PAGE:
Older couples had usually talked about losing one another and had some inkling of how this would affect them. Younger individuals were never prepared, unless their deceased loved one was involved in some dangerous kind of occupation. In a few cases, couples came to see me when one of them had recently received a terminal diagnosis and had only months left to live.
In my family, my dad lost our mother when she turned 75. They had over 50 years of marriage together during which her health had often been in question. We had all been forewarned of this eventuality. Despite that, my father went through a rough few years after her passing. He was hurt and angry and showed his feelings in extreme ways. He withdrew from his usual activities and grew sullen. We children spent as much time as possible with him. Because there were 6 of us, he usually had someone around to talk to.
One of my younger sisters lost her husband in 2004. He died of cancer at age 55. She was 48 at the time and they had been married for 27 years. They had one daughter, aged 25. This was a devastating blow for my sister. When the diagnosis came he was given 6 months to live. My sister nursed him as his health steadily declined. Again, we siblings rallied and spent as much time supporting her as possible, given we all lived in different cities.
After her husband passed my sister went into a depression and took a leave of absence from her workplace. At my insistence, she eventually joined a grief group and sought out a therapist in her area. She had so much of her life invested in her husband; she could barely function after losing him. She eventually returned to work on a part-time basis, always hoping she could increase her hours to full-time status. That never happened. Last year she finally decided to accept early retirement and that's when her recovery really began. Today she is dating again, working part-time and enjoying her daughter and son-in-law who married a year after her husband passed.
Although there appears to be some major differences in their adaptation to loss, both my father and sister truly struggled with their grieving process. In our family, dealing with feelings was never modeled as a healthy and functional pursuit. Lashing out at loved ones and crying uncontrollably was more the order of the day. It took me 10 years of professional psychology training to learn the healthy forms of emotional expression, forms that I imparted to my clients when helping them deal with the loss of their partner.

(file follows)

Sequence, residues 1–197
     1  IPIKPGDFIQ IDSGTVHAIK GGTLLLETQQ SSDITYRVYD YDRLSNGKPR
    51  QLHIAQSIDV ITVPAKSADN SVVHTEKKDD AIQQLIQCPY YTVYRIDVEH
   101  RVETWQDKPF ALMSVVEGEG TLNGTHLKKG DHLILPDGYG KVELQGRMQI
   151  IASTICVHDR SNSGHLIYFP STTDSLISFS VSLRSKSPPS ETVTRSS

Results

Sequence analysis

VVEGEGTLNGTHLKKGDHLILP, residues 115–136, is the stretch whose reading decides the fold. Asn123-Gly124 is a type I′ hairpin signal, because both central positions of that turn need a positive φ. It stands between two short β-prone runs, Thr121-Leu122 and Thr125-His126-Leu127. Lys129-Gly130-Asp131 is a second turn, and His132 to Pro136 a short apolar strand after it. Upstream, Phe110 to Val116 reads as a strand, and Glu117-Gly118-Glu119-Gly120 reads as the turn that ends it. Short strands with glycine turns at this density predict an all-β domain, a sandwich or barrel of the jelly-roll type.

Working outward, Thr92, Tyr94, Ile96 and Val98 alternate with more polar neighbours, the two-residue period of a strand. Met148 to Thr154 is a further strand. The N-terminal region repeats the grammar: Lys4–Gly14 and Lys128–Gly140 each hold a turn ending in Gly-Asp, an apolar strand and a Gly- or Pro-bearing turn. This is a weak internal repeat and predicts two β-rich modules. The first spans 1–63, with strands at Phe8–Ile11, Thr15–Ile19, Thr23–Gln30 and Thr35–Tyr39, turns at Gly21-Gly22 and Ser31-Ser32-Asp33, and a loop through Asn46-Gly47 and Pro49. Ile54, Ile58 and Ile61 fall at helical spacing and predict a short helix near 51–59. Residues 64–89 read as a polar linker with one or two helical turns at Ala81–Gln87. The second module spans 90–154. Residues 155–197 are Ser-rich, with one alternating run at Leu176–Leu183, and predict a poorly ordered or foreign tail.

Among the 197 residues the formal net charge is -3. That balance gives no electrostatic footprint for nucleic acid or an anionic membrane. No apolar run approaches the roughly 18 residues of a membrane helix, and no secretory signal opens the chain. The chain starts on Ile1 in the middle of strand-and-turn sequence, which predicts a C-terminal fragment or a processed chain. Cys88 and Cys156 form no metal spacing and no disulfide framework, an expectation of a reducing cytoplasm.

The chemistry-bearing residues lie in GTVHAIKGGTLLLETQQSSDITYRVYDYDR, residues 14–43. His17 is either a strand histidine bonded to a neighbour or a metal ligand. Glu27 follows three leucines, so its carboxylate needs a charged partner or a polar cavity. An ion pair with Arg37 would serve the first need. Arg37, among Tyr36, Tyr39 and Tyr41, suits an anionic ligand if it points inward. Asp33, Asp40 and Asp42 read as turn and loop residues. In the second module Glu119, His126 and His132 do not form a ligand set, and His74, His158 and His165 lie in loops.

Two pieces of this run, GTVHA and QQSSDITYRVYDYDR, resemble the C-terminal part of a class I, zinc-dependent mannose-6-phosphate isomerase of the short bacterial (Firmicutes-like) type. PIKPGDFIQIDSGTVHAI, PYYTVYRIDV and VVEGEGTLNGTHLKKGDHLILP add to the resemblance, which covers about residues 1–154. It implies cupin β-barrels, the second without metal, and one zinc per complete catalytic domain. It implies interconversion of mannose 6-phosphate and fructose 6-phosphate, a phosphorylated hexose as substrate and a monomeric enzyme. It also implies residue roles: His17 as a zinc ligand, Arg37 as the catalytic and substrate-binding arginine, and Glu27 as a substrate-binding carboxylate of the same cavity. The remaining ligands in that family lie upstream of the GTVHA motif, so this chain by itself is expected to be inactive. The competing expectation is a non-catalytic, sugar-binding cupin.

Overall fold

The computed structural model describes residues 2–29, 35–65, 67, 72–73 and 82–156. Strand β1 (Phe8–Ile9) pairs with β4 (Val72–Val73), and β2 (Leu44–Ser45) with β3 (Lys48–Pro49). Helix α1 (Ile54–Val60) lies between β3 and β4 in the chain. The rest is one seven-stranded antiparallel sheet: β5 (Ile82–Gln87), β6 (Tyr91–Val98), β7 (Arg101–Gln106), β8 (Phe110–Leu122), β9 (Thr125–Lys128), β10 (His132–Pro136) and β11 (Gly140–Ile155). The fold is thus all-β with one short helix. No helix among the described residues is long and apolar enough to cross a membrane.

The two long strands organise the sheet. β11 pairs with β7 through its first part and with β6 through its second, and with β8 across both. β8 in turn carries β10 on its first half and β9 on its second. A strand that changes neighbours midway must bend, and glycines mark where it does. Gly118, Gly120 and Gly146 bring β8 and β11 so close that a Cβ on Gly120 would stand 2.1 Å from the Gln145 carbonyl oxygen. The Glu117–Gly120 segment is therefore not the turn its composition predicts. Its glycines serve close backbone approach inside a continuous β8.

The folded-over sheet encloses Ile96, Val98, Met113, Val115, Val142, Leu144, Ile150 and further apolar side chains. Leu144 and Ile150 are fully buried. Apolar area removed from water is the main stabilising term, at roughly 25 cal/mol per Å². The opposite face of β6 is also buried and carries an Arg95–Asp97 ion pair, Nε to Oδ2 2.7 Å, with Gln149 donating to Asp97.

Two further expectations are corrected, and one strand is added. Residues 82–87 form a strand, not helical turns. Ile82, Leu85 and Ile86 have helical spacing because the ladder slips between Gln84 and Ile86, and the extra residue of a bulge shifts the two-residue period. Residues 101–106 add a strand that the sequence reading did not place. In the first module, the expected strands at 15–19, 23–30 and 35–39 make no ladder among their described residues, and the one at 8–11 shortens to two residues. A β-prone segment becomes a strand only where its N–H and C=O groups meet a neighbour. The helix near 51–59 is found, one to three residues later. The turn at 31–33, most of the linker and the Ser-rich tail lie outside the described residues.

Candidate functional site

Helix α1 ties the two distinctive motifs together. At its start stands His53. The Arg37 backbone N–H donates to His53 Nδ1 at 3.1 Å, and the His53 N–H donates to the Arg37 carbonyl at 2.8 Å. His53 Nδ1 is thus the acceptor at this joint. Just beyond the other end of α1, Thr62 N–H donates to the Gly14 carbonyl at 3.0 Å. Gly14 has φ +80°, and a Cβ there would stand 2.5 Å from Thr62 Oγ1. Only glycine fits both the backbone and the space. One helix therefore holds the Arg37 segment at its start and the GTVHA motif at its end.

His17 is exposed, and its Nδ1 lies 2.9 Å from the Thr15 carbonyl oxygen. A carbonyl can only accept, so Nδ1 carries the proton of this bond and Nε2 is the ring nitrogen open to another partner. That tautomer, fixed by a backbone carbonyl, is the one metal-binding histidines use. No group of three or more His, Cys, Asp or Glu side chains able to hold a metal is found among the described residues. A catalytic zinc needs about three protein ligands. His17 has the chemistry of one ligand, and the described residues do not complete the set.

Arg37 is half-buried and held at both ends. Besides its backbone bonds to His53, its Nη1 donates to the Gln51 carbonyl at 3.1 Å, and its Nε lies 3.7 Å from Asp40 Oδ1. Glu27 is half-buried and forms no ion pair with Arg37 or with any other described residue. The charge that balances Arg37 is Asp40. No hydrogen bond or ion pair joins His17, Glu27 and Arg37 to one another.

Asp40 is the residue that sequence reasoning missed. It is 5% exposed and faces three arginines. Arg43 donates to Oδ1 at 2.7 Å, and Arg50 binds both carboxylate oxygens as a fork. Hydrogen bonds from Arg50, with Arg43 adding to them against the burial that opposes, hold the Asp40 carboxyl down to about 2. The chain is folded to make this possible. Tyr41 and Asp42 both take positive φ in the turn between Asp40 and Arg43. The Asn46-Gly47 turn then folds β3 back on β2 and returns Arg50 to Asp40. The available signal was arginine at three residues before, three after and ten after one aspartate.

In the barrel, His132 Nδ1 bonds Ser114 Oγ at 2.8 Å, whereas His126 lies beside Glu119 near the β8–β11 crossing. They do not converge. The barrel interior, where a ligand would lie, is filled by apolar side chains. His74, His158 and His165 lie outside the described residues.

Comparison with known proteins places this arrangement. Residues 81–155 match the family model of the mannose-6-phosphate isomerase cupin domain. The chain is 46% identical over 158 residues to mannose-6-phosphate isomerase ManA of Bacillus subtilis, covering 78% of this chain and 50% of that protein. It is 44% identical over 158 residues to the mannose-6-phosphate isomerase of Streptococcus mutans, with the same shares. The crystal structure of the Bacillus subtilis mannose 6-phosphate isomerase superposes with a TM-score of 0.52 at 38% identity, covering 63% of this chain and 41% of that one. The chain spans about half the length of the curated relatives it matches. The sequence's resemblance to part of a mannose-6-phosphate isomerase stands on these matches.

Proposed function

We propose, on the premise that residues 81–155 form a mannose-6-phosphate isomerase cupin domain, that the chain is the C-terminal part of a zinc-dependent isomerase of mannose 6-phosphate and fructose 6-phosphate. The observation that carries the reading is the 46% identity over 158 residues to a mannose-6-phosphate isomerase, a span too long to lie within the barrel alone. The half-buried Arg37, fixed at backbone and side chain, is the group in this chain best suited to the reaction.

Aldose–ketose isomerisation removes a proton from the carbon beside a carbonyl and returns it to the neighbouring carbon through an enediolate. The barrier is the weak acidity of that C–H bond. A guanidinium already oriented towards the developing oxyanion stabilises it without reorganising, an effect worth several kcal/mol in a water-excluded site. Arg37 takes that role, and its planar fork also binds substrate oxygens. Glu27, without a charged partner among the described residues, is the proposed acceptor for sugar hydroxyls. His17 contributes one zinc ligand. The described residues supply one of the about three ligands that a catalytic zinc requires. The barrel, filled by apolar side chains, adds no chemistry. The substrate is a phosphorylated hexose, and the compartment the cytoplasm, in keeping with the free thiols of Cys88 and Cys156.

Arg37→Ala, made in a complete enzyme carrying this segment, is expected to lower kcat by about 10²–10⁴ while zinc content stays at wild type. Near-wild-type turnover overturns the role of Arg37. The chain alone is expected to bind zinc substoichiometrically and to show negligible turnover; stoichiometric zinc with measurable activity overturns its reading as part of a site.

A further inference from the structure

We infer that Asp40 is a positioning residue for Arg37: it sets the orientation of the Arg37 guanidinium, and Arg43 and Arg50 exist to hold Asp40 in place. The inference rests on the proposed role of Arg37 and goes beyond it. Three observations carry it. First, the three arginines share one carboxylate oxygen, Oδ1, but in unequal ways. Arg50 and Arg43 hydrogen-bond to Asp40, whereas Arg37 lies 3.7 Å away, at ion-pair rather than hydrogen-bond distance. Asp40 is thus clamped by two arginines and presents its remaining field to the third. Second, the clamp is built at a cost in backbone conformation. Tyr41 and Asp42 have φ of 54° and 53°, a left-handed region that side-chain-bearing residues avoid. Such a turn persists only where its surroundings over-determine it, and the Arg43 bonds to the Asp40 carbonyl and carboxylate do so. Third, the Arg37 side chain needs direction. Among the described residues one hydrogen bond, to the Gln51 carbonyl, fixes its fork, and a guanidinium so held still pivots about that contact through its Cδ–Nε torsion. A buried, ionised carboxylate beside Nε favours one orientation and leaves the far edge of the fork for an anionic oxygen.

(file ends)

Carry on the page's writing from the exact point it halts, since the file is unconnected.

This approach to grief healing and grieving a spouse came in part from rejecting the unhealthy modeling I received in the home, to be followed by adopting the healthy forms of safe emotional expression that were part of my training. Dealing with feelings and emotions through journaling, group work and talking to a grief counselor is the key to healing grief of any type.
In the initial stages of the grief experience, this is difficult to adopt because most individuals are in a state of shock. No amount of good advice will register at this time. And some individuals try and hang on to their deceased spouse for months and years after the event. They live their lives in a constant state of tension which unconsciously they are refusing to release. Healing cannot occur until one chooses the healing path and commits to it. Therapists, books and other resources will have no effect until the grieving individual decides they are ready to let go of their loved one and allow their recovery to begin.
When you're ready, healing can begin in earnest. You will find all the resources and supports you need to navigate this journey. Until that choice is made, no expert, book or other resource can reach you because you are closed off from help. Mind you, this was not a conscious choice on your part, but more of a protective survival strategy that we all adopt when dealing with any emotional blow. When faced with a devastating loss, we typically close ourselves off to try and minimize the emotional pain.
Healing grief requires that we become vulnerable again. We have to feel the pain of that loss before we can move on. That's when reaching for help and guidance will have the greatest benefit. We are ready to deal with our grief wound now, and we have accepted that professional help in the form of books, support groups and counseling, are essential to managing what we have to face.